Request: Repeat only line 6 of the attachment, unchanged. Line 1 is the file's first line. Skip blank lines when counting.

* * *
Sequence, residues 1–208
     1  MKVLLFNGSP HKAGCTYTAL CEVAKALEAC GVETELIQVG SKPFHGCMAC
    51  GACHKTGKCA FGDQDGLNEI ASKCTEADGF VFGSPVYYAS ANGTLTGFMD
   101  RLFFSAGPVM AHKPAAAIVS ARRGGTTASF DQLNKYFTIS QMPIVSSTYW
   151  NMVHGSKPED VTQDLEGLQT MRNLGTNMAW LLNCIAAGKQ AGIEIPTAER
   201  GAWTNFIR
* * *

   201  GAWTNFIR